Social Network Links
Powered by Squarespace
Search the Riddleblog
"Amillennialism 101" -- Audio and On-Line Resources

Reformed Amillennialism

  • Introducing Covenant Theology
    by Michael Horton

    It is one thing to give up dispensationalism.  But what do you put in its place?  Here's an outstanding introduction to classical Reformed covenant theology.  This is the way to read and understand the Bible!  This one will rock your world--whether you be a dispensationalist, a progressive dispensationalist, or even a Reformed Christian who gets unnecessarily squeamish about a covenant of works.  Michael is a great theologian, a superb writer, and most importantly, my friend.

  • The Bible and the Future
    by Anthony A. Hoekema

    The best comprehensive treatment of Reformed amillennialism in print.  Must reading.

  • The Book of Revelation (New International Greek Testament Commentary (Grand Rapids, Mich.).)
    by G. K. Beale

    This is a marvelous commentary---although it presupposes some knowledge of Greek.  Beale demonstrates that the Book of Revelation is a book about Jesus Christ and that the key to understanding it is to be found in the Old Testament (surprise, surprise), from whence its symbols and images are drawn.  No longer will Revelation seem weird or frightening.

  • Triumph of the Lamb: A Commentary on Revelation
    by Dennis E. Johnson

    The best all-around commentary on Revelation.  Not as technical as Beale, up-to-date, unlike Hendricksen, but no fluff is found here either.  A very helpful, user-friendly, and pastoral piece of work.  If you buy only one commentary on Revelation, this should be it.

  • God, Heaven, and Har Magedon: A Covenantal Tale of Cosmos and Telos
    by Meredith G. Kline

    Kline for beginners!  Actually, this is fascinating (albeit mind-blowing) sweep through the grand drama of redemption focuses upon the history of the covenant as it relates to Har Magedon, the mountain of God.  Includes Kline's controversial essay, "Space and Time in the Genesis Cosmology," as well as his essay "Har Magedon."  Highly recommended.

  • Promise of the Future
    by Cornelis P. Venema

    Venema's volume is comprehensive, clear and well-written.  While not a duplication of Hoekema's Bible and the Future, it covers much of the same ground. This one is rock-solid--although it is a tad expensive.  Highly recommended.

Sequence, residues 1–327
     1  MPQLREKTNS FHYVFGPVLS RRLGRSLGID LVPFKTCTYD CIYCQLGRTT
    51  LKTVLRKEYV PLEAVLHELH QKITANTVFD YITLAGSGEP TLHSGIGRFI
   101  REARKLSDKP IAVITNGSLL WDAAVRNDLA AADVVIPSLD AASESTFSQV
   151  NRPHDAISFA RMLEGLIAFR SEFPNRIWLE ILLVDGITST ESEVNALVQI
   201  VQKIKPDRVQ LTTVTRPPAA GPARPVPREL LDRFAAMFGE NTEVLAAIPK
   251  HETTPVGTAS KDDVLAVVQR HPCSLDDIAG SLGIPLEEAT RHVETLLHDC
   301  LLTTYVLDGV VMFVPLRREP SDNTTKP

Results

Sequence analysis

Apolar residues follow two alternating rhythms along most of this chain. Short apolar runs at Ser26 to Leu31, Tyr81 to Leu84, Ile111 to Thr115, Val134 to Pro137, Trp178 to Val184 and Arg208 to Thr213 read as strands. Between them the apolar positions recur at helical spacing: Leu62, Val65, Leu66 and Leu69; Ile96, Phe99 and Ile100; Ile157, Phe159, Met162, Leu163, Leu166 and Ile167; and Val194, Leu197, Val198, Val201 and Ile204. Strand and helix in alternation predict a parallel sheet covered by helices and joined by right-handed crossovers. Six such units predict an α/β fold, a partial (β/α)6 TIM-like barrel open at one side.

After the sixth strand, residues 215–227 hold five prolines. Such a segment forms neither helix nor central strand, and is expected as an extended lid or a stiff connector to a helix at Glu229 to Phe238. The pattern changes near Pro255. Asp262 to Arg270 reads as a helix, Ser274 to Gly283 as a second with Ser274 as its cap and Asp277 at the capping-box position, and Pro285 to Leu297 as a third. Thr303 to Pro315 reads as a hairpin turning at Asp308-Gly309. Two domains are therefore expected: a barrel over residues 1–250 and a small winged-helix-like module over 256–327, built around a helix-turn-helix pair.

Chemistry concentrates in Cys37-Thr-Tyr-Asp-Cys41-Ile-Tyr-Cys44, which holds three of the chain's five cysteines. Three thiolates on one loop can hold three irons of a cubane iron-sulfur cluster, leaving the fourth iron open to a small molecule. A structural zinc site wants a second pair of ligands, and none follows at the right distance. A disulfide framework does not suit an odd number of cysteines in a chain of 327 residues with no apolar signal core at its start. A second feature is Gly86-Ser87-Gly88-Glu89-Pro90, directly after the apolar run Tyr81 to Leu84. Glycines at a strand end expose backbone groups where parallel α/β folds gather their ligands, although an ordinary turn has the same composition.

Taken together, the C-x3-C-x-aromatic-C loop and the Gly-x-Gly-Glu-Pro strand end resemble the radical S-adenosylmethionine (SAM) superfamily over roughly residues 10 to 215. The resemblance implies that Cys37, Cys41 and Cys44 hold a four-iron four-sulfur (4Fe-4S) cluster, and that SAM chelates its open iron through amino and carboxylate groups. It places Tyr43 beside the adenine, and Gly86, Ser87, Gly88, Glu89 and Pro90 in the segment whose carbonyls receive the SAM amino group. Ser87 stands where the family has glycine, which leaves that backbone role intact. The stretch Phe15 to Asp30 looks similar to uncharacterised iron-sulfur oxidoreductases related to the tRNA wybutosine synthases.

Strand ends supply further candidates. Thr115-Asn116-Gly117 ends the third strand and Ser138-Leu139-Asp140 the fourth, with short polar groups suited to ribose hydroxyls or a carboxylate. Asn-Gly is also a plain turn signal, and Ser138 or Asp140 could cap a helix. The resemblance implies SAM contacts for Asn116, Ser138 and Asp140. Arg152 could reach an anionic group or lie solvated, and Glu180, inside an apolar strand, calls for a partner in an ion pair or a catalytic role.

• Pauline Eschatology
    by Geerhardus Vos

    This is a brilliant piece of work.  Exegetically insightful and profound in its conclusions.  This is must reading.

  • Jesus and Israel: One Covenant or Two?
    by Mr. David E. Holwerda

    Contains a helpful treatment of Romans 9-11.  He convinced me!

  • Regnum Caelorum: Patterns of Millennial Thought in Early Christianity
    by Mr. Charles E. Hill

    All historic premillennarians need to read and interact with this one.  A great piece of scholarship!

  • The Returning King: A Guide to the Book of Revelation
    by Vern S. Poythress

    If you've never read anything on the Reformed Amillennial interpretation of the Book of Revelation, this is a great place to start reading.  The Returning King is a wonderful introduction to the Book of Revelation.  This book is great for groups and home Bible studies.

  • The Temple and the Church's Mission: A Biblical Theology of the Dwelling Place of God (New Studies in Biblical Theology)
    by G. K. Beale

    Greg Beale's book is an important study as to how the tabernacle and the temple are types of the eschatological presence of God with his people.  This means that the new heavens and earth of Revelation 21 is a reference to God's presence, which is no longer confined to the Holy of Holies and which will then extend to all of creation.  Beale also does a great job on Paul's use of temple language, and is especially helpful when treating 2 Thessalonians 2:4.  Beale convincingly argues that Paul is referring to the church (the historicist view), not the Jerusalem temple.  Beale also argues for an eschatological man of sin whose appearance is preceded by (or connected to) a time of great apostasy (Reformed amillennialism), and whose appearance is the harbinger of the final judgment.

  • When Shall These Things Be: A Reformed Response to Hyper-Preterism
    P & R Publishing

    Overall the book is so-so.  But the essays by Strimple on the Resurrection of the Body and Hill on Eschatology After Jerusalem's Fall are brilliant.  Hyper-preterism is a menace!

  • 1-2 Thessalonians (IVP New Testament Commentary Series)
    by G. K. Beale

    Beale's work on Thessalonians is very helpful in his treatment of 2 Thessalonians 2, especially in dealing Paul's discussion of the temple (it is the church), the restrainer (it is the preaching of the gospel) and the revelation of the man of lawlessness (tied to the apostasy and the day of judgment).  Very good exegetical response to preterist arguments.

  • Three Views on the Millennium and Beyond

    This is one of the "debate" books from Zondervan in which each author makes their case, while the others respond in turn.  In this debate about the millennium, Dr. Robert Strimple not only makes a concise and very compelling case for amillennialism, he does a very good job refuting Gentry (postmillennialism) and Blaising (Premillennialism).  This is highly recommended.